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Pediatr Res. 2004 Apr;55(4):541-5. Epub 2004 Feb 18.

Coagulation, inflammation, and the risk of neonatal white matter damage.

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1
Neuroepidemiology Unit, Children's Hospital and Harvard Medical School, 300 Longwood Avenue, Boston, MA 02115, USA. alan.leviton@tch.harvard.edu

Abstract

Indicators of coagulation activation are sometimes increased in the blood of newborns and adults who have a systemic inflammatory response. These coagulation factors have the ability to exacerbate inflammation, which in turn can promote coagulation. Therapies directed solely at coagulation factors and therapies directed solely at inflammation factors have not proved effective in reducing mortality in adults with a systemic inflammatory response syndrome and multi-organ dysfunction (SIRS/MOD). On the other hand, the only therapy that has reduced mortality in SIRS/MOD is activated protein C, which has both anti-coagulation and anti-inflammatory effects. This and other observations support the view that activated coagulation factors enhance inflammation. Since newborns at risk of cerebral white matter damage and cerebral palsy are more likely than their peers to have a systemic inflammatory response, which is sometimes accompanied by elevated blood levels of coagulation factors, we suggest that activated coagulation factors contribute to the occurrence of cerebral white matter damage by exacerbating inflammatory phenomena, rather than by occluding cerebral blood vessels.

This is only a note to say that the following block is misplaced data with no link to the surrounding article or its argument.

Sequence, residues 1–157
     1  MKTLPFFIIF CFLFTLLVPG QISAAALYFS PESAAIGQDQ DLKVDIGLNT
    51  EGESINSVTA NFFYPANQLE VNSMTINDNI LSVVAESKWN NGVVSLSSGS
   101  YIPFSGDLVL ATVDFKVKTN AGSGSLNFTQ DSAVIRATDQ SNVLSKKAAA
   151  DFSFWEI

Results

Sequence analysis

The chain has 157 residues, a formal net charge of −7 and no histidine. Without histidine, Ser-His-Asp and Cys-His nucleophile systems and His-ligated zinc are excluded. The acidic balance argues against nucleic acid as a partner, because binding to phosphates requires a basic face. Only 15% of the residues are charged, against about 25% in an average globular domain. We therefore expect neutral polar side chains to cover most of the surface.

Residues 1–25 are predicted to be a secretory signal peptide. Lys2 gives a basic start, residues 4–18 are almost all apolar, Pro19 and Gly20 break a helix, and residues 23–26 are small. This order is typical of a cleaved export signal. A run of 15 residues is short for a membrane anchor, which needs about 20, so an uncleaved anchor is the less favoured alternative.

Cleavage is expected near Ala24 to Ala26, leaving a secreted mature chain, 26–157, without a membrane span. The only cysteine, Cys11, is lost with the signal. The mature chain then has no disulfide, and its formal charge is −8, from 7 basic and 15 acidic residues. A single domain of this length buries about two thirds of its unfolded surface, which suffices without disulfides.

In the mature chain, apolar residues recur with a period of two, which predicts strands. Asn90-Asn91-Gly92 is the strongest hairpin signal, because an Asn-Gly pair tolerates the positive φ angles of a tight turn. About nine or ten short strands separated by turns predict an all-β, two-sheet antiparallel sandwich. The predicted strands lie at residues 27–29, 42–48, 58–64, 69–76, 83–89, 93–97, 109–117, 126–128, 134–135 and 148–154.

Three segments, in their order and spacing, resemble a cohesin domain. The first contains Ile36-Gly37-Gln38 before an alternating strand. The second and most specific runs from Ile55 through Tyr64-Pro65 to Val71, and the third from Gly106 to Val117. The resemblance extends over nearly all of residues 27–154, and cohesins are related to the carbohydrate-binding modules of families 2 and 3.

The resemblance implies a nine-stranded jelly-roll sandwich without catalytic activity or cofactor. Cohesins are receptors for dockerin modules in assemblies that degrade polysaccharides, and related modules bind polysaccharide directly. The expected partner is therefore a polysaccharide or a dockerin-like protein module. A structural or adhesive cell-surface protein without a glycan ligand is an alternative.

[Indexed for MEDLINE]

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